(Adds details on loan talks, no comment from Transneft)
* President says Russia agreed to supply 23 mln T next year
* Lukashenko also says asked Moscow for $2 bln loan
* Russia pipeline company Transneft declines comment
MINSK, Dec 21 Belarus has secured an increase in Russian crude supplies next year and asked Moscow for a $2 billion loan to upgrade its ageing industrial assets, Belarussian President Alexander Lukashenko said on Friday.
Belarus has been asking Russia for 23 million tonnes of crude oil, or about 460,000 bpd, up from 21.5 million tonnes promised this year.
The crude is supplied free of Russia's normally hefty export duties - meaning it is effectively subsidised - and in return Moscow wants quantities of oil products at a favourable price.
Moscow, which has accused its partner of exporting refined oil products to the West rather than shipping them back to Russia, was offering only 18 million tonnes of crude, an effective cut.
"We have really agreed on the supply of 23 million (tonnes)," Belarussian state news agency BelTA quoted Lukashenko as saying on Friday. "We will get the oil without any issues."
Russia's oil pipeline monopoly Transneft declined to comment on the agency report.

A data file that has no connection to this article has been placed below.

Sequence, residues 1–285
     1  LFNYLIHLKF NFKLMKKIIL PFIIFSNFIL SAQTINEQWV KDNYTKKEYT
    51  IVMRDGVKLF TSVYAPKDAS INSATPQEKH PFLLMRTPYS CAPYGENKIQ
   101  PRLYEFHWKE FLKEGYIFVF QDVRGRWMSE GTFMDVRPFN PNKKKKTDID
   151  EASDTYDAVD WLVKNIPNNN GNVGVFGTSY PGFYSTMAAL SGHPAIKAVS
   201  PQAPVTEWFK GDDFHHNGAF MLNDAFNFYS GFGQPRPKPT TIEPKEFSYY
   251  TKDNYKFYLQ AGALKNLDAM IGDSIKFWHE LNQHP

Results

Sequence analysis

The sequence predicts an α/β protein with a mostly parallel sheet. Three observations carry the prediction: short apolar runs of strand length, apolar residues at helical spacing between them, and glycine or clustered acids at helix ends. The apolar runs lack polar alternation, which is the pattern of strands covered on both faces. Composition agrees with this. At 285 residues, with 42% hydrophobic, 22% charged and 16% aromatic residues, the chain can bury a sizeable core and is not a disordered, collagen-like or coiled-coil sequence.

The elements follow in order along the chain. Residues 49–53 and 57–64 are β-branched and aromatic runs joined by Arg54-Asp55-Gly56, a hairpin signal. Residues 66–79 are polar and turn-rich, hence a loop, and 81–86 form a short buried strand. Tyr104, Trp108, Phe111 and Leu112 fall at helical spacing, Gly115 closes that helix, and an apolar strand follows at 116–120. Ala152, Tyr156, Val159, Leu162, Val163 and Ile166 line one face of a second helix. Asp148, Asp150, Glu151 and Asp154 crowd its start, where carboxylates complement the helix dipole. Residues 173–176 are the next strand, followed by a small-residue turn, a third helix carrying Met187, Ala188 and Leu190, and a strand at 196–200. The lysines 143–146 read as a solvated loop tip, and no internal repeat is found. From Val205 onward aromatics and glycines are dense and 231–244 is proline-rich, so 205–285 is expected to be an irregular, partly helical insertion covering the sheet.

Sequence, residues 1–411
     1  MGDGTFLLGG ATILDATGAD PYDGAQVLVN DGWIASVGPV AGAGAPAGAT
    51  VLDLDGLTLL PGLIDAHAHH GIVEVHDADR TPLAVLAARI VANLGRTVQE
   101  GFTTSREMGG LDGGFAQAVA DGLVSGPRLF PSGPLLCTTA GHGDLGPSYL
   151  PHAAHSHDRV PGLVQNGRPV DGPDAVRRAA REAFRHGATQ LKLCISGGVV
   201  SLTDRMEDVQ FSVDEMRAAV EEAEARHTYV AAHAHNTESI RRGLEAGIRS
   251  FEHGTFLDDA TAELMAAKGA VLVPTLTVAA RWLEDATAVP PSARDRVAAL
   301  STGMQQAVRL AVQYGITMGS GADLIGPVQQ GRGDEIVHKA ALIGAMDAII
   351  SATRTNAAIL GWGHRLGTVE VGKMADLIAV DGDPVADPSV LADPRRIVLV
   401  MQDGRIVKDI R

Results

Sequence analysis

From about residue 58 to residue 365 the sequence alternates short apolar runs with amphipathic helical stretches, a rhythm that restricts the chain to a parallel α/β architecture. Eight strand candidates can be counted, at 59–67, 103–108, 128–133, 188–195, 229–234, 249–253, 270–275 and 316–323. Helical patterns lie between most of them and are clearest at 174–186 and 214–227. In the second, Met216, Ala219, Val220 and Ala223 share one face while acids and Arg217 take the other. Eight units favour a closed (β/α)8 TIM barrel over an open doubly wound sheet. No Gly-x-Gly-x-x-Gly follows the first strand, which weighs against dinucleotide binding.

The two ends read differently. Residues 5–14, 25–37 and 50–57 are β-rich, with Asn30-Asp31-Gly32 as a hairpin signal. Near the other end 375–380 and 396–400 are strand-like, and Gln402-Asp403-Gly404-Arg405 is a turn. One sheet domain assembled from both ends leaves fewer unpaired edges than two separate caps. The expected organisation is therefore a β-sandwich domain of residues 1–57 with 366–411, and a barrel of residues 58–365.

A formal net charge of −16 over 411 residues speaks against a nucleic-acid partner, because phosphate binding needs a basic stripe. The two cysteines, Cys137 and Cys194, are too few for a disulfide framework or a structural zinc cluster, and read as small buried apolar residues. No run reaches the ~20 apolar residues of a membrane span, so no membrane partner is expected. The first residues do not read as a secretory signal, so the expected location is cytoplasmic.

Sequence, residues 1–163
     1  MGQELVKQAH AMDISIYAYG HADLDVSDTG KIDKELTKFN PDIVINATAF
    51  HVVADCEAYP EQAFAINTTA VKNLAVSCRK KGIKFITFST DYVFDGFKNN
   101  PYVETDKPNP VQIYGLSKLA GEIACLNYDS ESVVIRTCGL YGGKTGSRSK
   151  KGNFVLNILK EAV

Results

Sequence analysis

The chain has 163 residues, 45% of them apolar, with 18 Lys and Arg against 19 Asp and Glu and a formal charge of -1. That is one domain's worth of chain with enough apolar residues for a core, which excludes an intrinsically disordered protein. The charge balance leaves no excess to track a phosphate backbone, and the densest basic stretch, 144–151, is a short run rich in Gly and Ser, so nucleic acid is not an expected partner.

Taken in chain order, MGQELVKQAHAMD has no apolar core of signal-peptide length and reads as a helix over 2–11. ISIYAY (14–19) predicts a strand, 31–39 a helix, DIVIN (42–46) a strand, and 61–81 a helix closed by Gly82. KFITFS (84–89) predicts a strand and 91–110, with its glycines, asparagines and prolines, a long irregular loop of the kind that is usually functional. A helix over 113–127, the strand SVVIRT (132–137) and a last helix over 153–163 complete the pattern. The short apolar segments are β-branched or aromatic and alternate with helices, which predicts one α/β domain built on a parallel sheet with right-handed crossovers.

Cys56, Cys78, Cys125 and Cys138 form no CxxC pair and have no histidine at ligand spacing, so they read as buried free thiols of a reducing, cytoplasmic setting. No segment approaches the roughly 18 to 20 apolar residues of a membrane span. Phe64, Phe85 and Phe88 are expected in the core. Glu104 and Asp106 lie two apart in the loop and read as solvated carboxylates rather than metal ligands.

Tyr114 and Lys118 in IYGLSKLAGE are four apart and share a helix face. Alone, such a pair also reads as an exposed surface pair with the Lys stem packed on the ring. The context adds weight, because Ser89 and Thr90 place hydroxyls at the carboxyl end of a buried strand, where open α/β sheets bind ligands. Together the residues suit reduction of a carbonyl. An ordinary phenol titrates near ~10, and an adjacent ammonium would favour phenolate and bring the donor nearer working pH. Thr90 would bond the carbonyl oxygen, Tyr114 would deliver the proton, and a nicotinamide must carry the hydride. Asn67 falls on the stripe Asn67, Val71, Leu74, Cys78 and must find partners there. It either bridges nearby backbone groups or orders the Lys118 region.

Belarus has two large oil refineries that process Russian crude and export gasoline and diesel.
The refining business earns vital hard currency but Moscow has occasionally bridled over supply terms, part of a complex arrangement that also covers pipeline supplies of Russian oil and gas to Europe via Belarussian pipelines.
Lukashenko said in an interview last month that in exchange for increased supplies Russia was demanding a guaranteed delivery of 2-3 million tonnes of refined products back from Belarussian refineries.
Russia may find itself short of gasoline next year after introducing new, more stringent fuel standards, as its own refiners have fallen behind schedule on investments needed to improve the quality of their products.
Hinting at a further improvement in Minsk's ties with Moscow, Lukashenko on Friday told BelTA the sides were discussing a $2 billion loan to finance an upgrade of Belarussian industrial enterprises.
He did not say when Moscow, which already provided a $3 billion bailout facility to Minsk last year through a regional fund, could approve and disburse the fresh loan.
Belarus, which suffered from a balance-of-payments crisis in 2011, faces a foreign debt repayment crunch next year when about $3 billion of its liabilities fall due. (Reporting by Andrei Makhovsky; Writing by Olzhas Auyezov; Editing by Anthony Barker)